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Defining the immune mechanisms by a live attenuated CSFV vaccine - SE0796

Classical swine fever (CSF) is a devastating disease that poses one of the greatest risks to the swine industry worldwide. Existing live classical swine fever virus (CSFV) vaccines, such as the C-strain viruses, provide a rapid onset of complete protection against the disease and viral transmission but pose problems in discriminating infected amongst vaccinated animals (DIVA), which is critical for eradicating a disease and for the resumption of international trade following a disease outbreak. DIVA vaccines, based on the E2 protein of CSFV have been licensed but the time required for this vaccine to protect animals means it is of questionable value under emergency outbreak conditions. As a result, there are considerable efforts being placed in laboratories around the world, to develop DIVA vaccines that can provide similar efficacy to the C-strain vaccine. Multiple strategies are being deployed including the generation of chimeric viruses, whereby CSFV genes encoding vaccine targets are incorporated into the related cattle virus, BVDV, and by genetically modifying CSFV by deleting genes implicated in disease or evasion of the immune system.

The development of next-generation DIVA vaccines with an ability to provide rapid protection would benefit greatly from an understanding of the immunological mechanisms underlying the remarkable efficacy of the C-strain vaccine. This project will utilise a C-strain vaccine to understand (1) the early immune events triggered by the virus in the tonsil, which is the natural primary site of infection by CSFV, (2) the protective effector mechanisms, induced by vaccination, which are responsible for dealing so effectively with CSFV infection even after only a few days, and (3) the viral components that trigger these responses, since it is critical that they be considered in any future vaccine.

The project will involve a broad range of methods from molecular biology and immunology to animal experiments that will attempt to dissect the processes involved in the induction of protective immune responses by live attenuated CSFV. Study of tonsils from vaccinated and challenged animals will inform experiments in the laboratory that will investigate the cellular interactions and their functional consequences.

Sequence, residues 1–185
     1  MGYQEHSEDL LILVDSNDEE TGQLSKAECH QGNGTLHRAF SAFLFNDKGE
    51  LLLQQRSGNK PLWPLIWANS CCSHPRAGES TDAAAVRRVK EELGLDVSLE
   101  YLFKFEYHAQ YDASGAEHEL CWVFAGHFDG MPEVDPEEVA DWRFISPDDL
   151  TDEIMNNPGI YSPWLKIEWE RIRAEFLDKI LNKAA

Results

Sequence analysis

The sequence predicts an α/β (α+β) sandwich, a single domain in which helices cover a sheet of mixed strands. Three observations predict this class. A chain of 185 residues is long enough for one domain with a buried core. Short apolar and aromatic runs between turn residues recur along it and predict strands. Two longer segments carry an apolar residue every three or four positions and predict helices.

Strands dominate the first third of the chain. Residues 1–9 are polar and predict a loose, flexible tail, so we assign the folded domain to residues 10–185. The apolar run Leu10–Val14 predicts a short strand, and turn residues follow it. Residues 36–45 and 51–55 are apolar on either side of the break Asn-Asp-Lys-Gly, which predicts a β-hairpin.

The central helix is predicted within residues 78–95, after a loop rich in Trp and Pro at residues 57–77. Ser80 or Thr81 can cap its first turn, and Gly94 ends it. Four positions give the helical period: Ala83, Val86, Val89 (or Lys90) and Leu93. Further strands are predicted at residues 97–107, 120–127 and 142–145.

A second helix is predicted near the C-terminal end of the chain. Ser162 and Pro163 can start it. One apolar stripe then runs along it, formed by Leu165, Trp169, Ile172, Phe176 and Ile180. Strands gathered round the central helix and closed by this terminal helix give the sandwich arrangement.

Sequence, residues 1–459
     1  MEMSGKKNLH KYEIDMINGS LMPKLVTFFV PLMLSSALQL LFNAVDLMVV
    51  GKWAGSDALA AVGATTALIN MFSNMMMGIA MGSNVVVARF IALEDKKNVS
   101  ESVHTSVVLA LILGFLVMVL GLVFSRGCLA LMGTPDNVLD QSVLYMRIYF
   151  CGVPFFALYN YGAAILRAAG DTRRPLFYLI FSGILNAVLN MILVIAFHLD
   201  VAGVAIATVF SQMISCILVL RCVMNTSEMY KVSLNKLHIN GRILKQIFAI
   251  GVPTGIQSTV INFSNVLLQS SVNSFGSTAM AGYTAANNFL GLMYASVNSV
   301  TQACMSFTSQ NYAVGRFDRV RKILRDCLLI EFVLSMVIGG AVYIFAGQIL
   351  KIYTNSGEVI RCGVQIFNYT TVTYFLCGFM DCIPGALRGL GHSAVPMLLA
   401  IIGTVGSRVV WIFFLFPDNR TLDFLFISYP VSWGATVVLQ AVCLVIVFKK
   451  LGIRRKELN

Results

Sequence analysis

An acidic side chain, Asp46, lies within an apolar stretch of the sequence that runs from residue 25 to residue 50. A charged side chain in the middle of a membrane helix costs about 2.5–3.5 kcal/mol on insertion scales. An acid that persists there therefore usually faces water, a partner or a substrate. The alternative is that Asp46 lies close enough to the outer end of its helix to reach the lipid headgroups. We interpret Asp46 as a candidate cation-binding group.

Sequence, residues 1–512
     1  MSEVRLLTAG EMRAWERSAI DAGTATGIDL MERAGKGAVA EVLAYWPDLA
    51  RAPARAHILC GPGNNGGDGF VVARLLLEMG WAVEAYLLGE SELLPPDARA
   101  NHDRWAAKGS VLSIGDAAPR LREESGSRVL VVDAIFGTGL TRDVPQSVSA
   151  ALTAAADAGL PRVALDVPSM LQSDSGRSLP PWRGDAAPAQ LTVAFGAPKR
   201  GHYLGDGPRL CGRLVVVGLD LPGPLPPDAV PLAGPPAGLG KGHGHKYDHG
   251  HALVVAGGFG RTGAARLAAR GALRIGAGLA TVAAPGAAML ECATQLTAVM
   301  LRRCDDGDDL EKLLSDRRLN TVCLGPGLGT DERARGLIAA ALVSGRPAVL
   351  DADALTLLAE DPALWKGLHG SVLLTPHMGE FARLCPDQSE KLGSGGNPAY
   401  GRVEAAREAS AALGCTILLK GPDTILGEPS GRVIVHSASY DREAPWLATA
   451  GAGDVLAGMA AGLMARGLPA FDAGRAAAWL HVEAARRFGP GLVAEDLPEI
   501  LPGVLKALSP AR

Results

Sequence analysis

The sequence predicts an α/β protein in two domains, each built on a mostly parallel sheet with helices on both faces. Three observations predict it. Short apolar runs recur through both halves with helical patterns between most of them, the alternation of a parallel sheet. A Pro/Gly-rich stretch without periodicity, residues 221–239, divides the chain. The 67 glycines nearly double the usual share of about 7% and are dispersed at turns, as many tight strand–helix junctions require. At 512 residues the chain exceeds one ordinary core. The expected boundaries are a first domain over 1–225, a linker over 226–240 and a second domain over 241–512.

Micro-arrays, a technology that allows the simultaneous comparison of the expression of thousands of genes, will be applied to tonsils from vaccinated and infected animals to provide data that will underpin the quest for protective mechanisms. Cutting edge laser dissection and microscopy techniques will be used to examine the cellular interactions and responses in the tonsil in the days following vaccination and infection. These data will then inform experiments in the lab with defined cell populations that will aim to test hypotheses relating to the induction of the immune response by C-strain CSFV.

The immunological effector mechanisms that actually confer rapid protection afforded by C-strain vaccines will next be investigated. Previous studies have implicated a role for killer T cells and T cells secreting an effector molecule, interferon-gamma (IFN-ã), but it is unclear which or both are required for protection. Using a C-strain vaccination and challenge regime we will determine the kinetics of virus-specific IFN-ã and killer responses, and determine how each response relates to the timing of clearance of the challenge virus. Studies will be conducted to determine the effects of IFN-ã on CSFV, either directly by inhibiting its growth or by activating killer cells. Direct evidence for the role of T cell populations including killer cells will be obtained through experiments that will attempt to deplete these cell populations from animals and to determine whether they still remain protected against CSFV.

The final component of the project, aims to determine the viral proteins or peptides that are the targets of the protective T cell response. Knowledge of this is necessary to ensure that genetically attenuated or sub-unit DIVA vaccines include these regions. T cells from immune pigs will be used in an IFN-ã based screen of a peptide library spanning all CSFV proteins to rapidly define the relevant sequences. Computer analyses will subsequently be performed on the identified sequences to determine how conserved they are across CSFV isolates, since this is critical if a vaccine is to protect in the field.

The results of this project will contribute to the development of improved DIVA vaccines and would improve strategies to control the spread of CSF and reduce the need for mass slaughter of infected and suspected contact pigs in future outbreaks. The knowledge gained will ultimately reduce suffering of animals, ensuring high standards of animal health and welfare. A reduction in disease losses and barriers to trade caused by CSF will contribute to securing the chain of food production for both the UK consumer and the pig industry
1. To characterise the early immune events post-vaccination with live attenuated CSF vaccine and challenge with CSFV

2. To define the cell-mediated effector mechanisms induced by components of a live attenuated CSF vaccine

3. To define the protective cell populations critical to the rapid protection induced by a live attenuated CSF vaccine
Time-Scale and Cost
From: 2010

To: 2016

Cost: £1,117,542
Contractor / Funded Organisations
Veterinary Laboratories Agency
Animal Diseases              
Animal Health              
Classical Swine Fever              
Plants and Animals              
Fields of Study
Animal Health